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Mobile Photography / Art Tutorial – iColorama: Brush Tips #2

We are delighted to publish Jerry Jobe’s latest mobile photography/art tutorial for our reading and viewing pleasure. This time Jobe takes another look at the app iColorama and offers some very useful brush tips – if you missed Part 1 of this series, please go here. Read Jobe’s thoughts as he puts it through its paces (foreword by Joanne Carter). Take it away Jerry…

iColorama retails for $2.99/£2.29 and you can download it here.

“Last time I went over the Colorize brushes, which (for the most part) use assigned colors to paint. I even showed you how to paint with a photo as your brush tip. This time we will take a look at brush types that sample the color underneath them, allowing you to paint photographs. I’ve featured these brush types many times, in discussions on Artist, Rebound, Plane, Clone, Stamped, Edged and Raised brushes. The tip I’ll be sharing is not the operation of these brush types, but a workflow you may not be using that has multiple advantages.

The standard workflow is to load an image, then select one of the types from the brush menu. A white “canvas” overlays your image, and you can use the Background button to change that canvas to another color or an image you have saved that’s appropriate for a canvas. Any brushstrokes you make pull the initial image through the canvas, in the style of that brush type.

This works fine, and many iColorama artists use this method to create fine artworks. But what happens if you want to change the canvas? Make changes to the underlying image because the painting is coming out too muddy? Add another element to your painting? Perhaps more important: what if you are interrupted and want to pick up your painting again later? This workflow I’m describing will solve these issues.

The first thing you have to do is get out of the habit of loading an image and beginning to paint. You have to make preparations. First, just as you would with oils, acrylics, markers, ink, watercolours or charcoal, you have to prepare your surface. Have your canvas created and saved so it is easy to return to. I start with an image the correct proportions for my painting and overlay it with Preset>Gradient”.


I add some texture to the paper/canvas. Here I’m using Grunge 41 in Overlay blend mode. The Opacity is pulled back to 60%.

Now that I’ve got a little mottling, I add the canvas texture. Paper 2 in Multiply mode is good, and I increase the size a bit and lower the opacity a bit.

It’s still a little too “regular” to me, and looks artificial. One thing that can solve that is some random strokes with the Burn and Dodge brushes under Brush>Tools. Keep the Stroke Opacity low to avoid “damaging” the canvas.

I have now created my canvas, and I save it off. It can be used for multiple paintings, and I won’t have to reinvent the wheel each time.

Now I use Effects>Blend to put my source image, a flower, on top of the canvas. Why would I do that? It helps me put the subject of the image in the correct place for my painting, which may not be exactly where it is in the original. In this case, I want to make the main bloom smaller within the canvas, and more centered vertically. It really is a simpler way to crop your source to make it fit in the space. I don’t care that I can see part of the canvas along the outside; I won’t be painting along the edge of the canvas.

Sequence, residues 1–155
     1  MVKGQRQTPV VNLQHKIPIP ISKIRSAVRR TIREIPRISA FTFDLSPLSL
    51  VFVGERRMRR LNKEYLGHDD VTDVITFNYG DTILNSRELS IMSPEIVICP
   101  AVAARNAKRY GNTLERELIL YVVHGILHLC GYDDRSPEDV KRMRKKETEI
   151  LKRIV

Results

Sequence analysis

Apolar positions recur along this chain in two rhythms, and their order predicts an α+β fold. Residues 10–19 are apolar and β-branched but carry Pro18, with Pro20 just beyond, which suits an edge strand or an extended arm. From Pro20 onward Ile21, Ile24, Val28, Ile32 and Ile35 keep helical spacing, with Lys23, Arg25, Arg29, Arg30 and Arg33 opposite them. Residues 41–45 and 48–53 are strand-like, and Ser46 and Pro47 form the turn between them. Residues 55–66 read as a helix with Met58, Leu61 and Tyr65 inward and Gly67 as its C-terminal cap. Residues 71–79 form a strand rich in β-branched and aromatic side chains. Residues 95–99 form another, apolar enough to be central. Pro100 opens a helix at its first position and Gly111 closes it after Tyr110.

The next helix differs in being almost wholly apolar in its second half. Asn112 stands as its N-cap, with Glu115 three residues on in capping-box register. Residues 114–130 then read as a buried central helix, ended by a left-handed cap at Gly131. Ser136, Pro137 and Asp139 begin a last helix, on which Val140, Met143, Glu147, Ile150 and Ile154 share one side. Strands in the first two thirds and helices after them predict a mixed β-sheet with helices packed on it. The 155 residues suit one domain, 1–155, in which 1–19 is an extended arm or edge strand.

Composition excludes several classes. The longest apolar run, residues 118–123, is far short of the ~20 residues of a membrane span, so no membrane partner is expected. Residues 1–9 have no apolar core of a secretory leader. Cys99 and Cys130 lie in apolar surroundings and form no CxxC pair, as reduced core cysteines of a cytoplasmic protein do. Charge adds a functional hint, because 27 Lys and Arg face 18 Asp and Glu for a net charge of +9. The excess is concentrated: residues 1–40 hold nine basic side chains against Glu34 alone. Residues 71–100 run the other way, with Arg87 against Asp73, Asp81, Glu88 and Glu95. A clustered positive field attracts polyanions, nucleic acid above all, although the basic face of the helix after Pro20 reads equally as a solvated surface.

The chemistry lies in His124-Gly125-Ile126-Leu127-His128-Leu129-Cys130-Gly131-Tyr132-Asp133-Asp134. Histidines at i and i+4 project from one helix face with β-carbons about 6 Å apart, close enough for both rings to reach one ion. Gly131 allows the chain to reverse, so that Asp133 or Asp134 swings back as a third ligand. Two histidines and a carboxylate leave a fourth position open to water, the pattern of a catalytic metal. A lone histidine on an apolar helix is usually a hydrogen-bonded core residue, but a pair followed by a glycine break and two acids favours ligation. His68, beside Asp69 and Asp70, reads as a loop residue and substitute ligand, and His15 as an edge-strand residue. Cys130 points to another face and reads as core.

Now I can make further adjustments to get the image ready for painting. In my case I know that I want to get rid of some of the softness, because softness in a photograph is more blurry in a painting than soft. I also want to lighten the shadows a bit. I use Enhance preset 1. I save off the new painting source.

Now I have my canvas and source established. At this point, I can go straight to the Brush menu. I will step back in History until I get back to the canvas, only because that allows me to have the background in place – I don’t have to reload it from the Camera Roll, where it is saved.

I often will paint in layers – establish structure with one brush type, a kind of wash with another, and detail with a third. I am going to try Stamped for my structure. I choose Stamped in the Brush menu, and my canvas is overlaid with the plain white that I do not want. So I re-establish the canvas as my background by tapping the Background button at the bottom and the Original button in the resulting window. I tap the Apply checkmark (in the Background window, not at the top) to cement my canvas in.

If I started to paint now, I would paint in canvas over canvas. The default source for painting is the starting image, and I started with the canvas. I need to override the source. I tap the Source button, tap Photo to access the Camera Roll, and choose my modified flower image. I tap Apply in the Source window, and I’m taken back to my empty canvas for painting.

I choose the WATERC 6 brush tip.

A single tap and I get a huge splash of color. Definitely more than mere structure.

Reducing the size of the brush still resulted in some big patches, and even the use of the Erase function around the edges did not give me the base look that I wanted.

I tapped Clean to clean all the Stamped brush off the canvas.

I switched to Artist brushes. I had to use the Back and Source buttons to establish the canvas and source image again. I choose the WCOLOR 4 brush.

This Artist brush type gives me more what I was expecting. It’s more dependable than the Stamped brushes. Notice how blurred the petals are – I would not use Artist brushes for fine detail, but it’s good for establishing the basic shape of the painting.

I want my painting to fade into the canvas at the edges, so I lower the opacity of this base layer. I Apply the Artist paint.

I’m going to do more work under the Rebound category. Once again, I want to establish background and source. For my background, I choose original again, because I want to paint on top of the Artist paint already on the canvas. I choose the same source we’ve been using, since I don’t want to repaint the Artist strokes.